Af­ter health-care re­peal vote, some in GOP fear a cliff ‘Wouldn’t take ef­fect for per­haps three years’

Kuwait Times - - HEALTH & SCIENCE -

Repub­li­cans are ea­gerly plan­ning ini­tial votes next month on dis­man­tling Pres­i­dent Barack Obama’s health care law, a cher­ished GOP goal. But many worry that while Congress tries to re­place it, the party will face ever-an­grier vot­ers, spooked health in­sur­ers and the pos­si­bil­ity of tum­bling off a po­lit­i­cal cliff.

Repub­li­cans have said they first want to vote to un­wind as much of the health care law as they can, though it wouldn’t take ef­fect for per­haps three years. That’s to give them and new Pres­i­dent Don­ald Trump time to write leg­is­la­tion con­struct­ing a new health care sys­tem - a tech­ni­cally and po­lit­i­cally daunt­ing task that has frus­trated GOP at­tempts for unity for years.

Many con­gres­sional Repub­li­cans worry they’d be vul­ner­a­ble dur­ing the tran­si­tion pe­riod be­tween a re­peal vote and ac­tu­ally re­plac­ing Obama’s law with a new sys­tem. Twenty mil­lion peo­ple now cov­ered would face uncer­tainty about their fu­ture ben­e­fits, while unset­tled health in­sur­ers might quickly start boost­ing pre­mi­ums or stop sell­ing poli­cies in some ar­eas to pro­tect them­selves.

In both cases, pub­lic wrath could be aimed at the party con­trol­ling the White House and Capi­tol - the GOP. “It’s go­ing to be a dif­fi­cult chal­lenge to pass a re­place­ment” for Obama’s law and make sure some peo­ple don’t lose cov­er­age, Sen. Su­san Collins, R -Maine, said. Health in­sur­ers will need time to ad­just to a new sys­tem and if Congress waits un­til the last minute to en­act a new law, “It’s not go­ing to work,” she said.

An­other fear

A re­lated fear: Congress and Trump en­act leg­is­la­tion dis­man­tling Obama’s law but as the clock ticks down to its ex­pi­ra­tion, the GOP re­mains di­vided over re­plac­ing it. The po­lit­i­cal im­per­a­tive for Repub­li­cans to pass some­thing would be over­whelm­ing but with Congress be­ing Congress, there are no guar­an­tees. “When you set up a cliff, you can go over it,” Rep. Char­lie Dent, R-Pa., said. Many Repub­li­cans in­sist that won’t hap­pen. They view set­ting an end date on Obama’s law as a way to force con­gres­sional ac­tion on re­plac­ing it with­out hurt­ing con­sumers. “There needs to be a rea­son­able tran­si­tion pe­riod so peo­ple don’t have the rug pulled out from un­der them,” House Speaker Paul Ryan, R-Wis., told re­porters last week.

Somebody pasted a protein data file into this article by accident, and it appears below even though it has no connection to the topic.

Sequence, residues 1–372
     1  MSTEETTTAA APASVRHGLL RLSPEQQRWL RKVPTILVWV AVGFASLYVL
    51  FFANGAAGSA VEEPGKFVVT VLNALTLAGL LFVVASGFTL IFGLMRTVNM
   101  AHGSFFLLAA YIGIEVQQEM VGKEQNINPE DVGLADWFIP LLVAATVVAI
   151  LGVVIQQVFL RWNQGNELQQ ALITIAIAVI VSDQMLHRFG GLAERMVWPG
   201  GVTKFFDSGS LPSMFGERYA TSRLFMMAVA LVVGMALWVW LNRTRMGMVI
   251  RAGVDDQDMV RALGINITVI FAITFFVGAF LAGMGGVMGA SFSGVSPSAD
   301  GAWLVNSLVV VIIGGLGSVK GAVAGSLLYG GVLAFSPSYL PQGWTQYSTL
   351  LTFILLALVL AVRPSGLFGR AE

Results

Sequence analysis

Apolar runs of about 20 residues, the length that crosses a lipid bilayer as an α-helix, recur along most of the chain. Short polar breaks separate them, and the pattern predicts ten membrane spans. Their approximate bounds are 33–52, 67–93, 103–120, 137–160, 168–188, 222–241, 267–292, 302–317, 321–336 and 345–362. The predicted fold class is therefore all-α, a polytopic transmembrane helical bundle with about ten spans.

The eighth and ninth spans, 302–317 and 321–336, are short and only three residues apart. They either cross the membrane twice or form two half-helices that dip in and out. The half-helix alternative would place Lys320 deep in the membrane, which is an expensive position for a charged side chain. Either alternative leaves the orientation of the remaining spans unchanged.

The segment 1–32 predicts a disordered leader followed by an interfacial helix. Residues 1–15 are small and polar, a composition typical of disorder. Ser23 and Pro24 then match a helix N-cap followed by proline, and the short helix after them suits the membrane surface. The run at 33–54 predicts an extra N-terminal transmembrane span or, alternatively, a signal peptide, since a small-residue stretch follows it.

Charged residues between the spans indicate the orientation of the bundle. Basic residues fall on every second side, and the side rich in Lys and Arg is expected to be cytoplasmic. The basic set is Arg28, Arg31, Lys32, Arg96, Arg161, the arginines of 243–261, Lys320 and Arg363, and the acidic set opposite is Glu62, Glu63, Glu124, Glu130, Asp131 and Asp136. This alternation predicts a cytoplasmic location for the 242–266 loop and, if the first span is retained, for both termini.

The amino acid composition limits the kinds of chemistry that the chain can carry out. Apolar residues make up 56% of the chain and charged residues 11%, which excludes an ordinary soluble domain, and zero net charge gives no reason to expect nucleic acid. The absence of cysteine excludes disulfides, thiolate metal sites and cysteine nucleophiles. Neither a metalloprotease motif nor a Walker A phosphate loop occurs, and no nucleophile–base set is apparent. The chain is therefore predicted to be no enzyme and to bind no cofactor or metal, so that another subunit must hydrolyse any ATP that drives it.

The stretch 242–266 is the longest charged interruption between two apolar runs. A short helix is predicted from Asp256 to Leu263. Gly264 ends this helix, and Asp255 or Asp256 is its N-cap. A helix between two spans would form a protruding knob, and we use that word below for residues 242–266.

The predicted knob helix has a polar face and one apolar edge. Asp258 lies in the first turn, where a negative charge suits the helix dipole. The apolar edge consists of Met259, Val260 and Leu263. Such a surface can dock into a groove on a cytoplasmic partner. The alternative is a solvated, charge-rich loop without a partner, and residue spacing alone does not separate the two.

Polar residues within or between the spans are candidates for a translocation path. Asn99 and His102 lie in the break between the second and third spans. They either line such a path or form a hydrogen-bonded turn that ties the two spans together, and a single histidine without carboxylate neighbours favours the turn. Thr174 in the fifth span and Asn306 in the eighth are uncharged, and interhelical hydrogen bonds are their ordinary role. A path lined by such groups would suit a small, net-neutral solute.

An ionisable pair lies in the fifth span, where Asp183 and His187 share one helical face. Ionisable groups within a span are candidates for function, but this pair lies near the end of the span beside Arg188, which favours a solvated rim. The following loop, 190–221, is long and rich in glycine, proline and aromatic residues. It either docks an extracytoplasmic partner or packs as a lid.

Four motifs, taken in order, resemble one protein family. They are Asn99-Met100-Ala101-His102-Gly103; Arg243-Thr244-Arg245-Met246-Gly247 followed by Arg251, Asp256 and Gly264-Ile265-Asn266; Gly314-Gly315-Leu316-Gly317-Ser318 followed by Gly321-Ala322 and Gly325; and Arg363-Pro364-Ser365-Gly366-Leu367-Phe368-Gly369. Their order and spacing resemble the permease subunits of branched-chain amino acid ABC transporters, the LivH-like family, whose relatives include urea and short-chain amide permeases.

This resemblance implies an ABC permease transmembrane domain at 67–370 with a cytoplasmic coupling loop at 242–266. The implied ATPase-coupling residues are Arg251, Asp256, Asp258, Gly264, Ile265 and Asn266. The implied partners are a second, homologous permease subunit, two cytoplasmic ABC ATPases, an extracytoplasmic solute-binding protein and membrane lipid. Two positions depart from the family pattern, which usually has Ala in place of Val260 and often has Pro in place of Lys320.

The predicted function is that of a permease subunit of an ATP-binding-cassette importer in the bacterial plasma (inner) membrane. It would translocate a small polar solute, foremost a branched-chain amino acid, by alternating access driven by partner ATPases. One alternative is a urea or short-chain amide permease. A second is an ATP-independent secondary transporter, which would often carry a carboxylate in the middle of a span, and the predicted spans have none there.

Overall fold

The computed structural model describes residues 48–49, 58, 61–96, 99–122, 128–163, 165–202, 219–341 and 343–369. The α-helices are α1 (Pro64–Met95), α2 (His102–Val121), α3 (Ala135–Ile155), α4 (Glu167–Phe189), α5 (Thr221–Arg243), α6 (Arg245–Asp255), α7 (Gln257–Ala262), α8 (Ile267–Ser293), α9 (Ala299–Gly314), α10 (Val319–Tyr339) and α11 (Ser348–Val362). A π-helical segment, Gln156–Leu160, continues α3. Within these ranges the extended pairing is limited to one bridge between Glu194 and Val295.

But in one of many ques­tions di­vid­ing Repub­li­cans, they dif­fer over what a rea­son­able tran­si­tion pe­riod means. No. 2 Se­nate Repub­li­can, John Cornyn of Texas, said there will likely be a three-year gap be­tween Congress’ votes to re­peal Obama’s law and when that would ac­tu­ally kick in. “We’re not go­ing to let any­body fall through the cracks,” Cornyn said.

Other Repub­li­cans, par­tic­u­larly in the House, worry that three years is too long to leave vot­ers, in­sur­ers and health care providers in sus­pense. Ea­ger to pre­vent a drawn-out ef­fort to pass new health care leg­is­la­tion from spin­ning into a dam­ag­ing is­sue for the 2018 cam­paigns, many want the process to take a year or less. “I hope it’s not years with no re­place­ment,” said Rep. Steve Stivers, R Ohio, who next year will head the Na­tional Repub­li­can Con­gres­sional Com­mit­tee, the House GOP’s po­lit­i­cal or­ga­ni­za­tion. “Qual­ity matters more than speed, but speed can’t be ig­nored. You don’t want the Amer­i­can peo­ple to feel too un­com­fort­able for too long.”

Bring it on

Rep. Jeff Den­ham, R-Calif., re-elected nar­rowly last month, said he wants Repub­li­cans to “pro­vide cer­tainty” within a year. He said that means show­ing in Jan­uary “not only what our vi­sion is, but putting it in print, start pass­ing it through com­mit­tees and get some con­sen­sus with the Se­nate. But it is some­thing that we need to re­solve within the year.”

Repub­li­cans have yet to de­cide what their re­place­ment will look like. Though de­tails are scant, Trump and Ryan have pro­posed tax breaks to help peo­ple pay in­sur­ance pre­mi­ums. Both want to elim­i­nate Obama’s man­date that most in­di­vid­u­als get cov­er­age and most em­ploy­ers cover work­ers, but that could be re­placed with a re­quire­ment that peo­ple main­tain “con­tin­u­ous” cov­er­age or face higher pre­mi­ums.

Democrats, who en­acted Obama’s law in 2010 over solid GOP op­po­si­tion, have sig­naled they won’t help Repub­li­cans de­mol­ish it. “Bring it on,” Sen. Chuck Schumer, D-N.Y., next year’s mi­nor­ity leader, said of GOP re­peal ef­forts. “They have noth­ing to put in its place.”

Ryan and Se­nate Ma­jor­ity Leader Mitch McCon­nell, R-Ky., said last week that the GOP­con­trolled Congress plans to pass a pro­ce­dural mea­sure in Jan­uary that will let Repub­li­cans push re­peal leg­is­la­tion through the Se­nate later with just a sim­ple ma­jor­ity. That’s im­por­tant be­cause with the Se­nate GOP hold­ing a 52-48 ma­jor­ity next year, Democrats would oth­er­wise be able to block a re­peal bill un­less it gets 60 votes.

The early pro­ce­dural vote could also sig­nal that the GOP is in­tent on re­peal­ing Obama’s law, while sav­ing the more dif­fi­cult de­tails for later. They are still de­cid­ing what that part of the process will look like - and what their re­place­ment will be. —AP

WASH­ING­TON: In this Dec 1, 2016, file photo, House Speaker Paul Ryan of Wis., speaks dur­ing a news con­fer­ence on Capi­tol Hill. —AP

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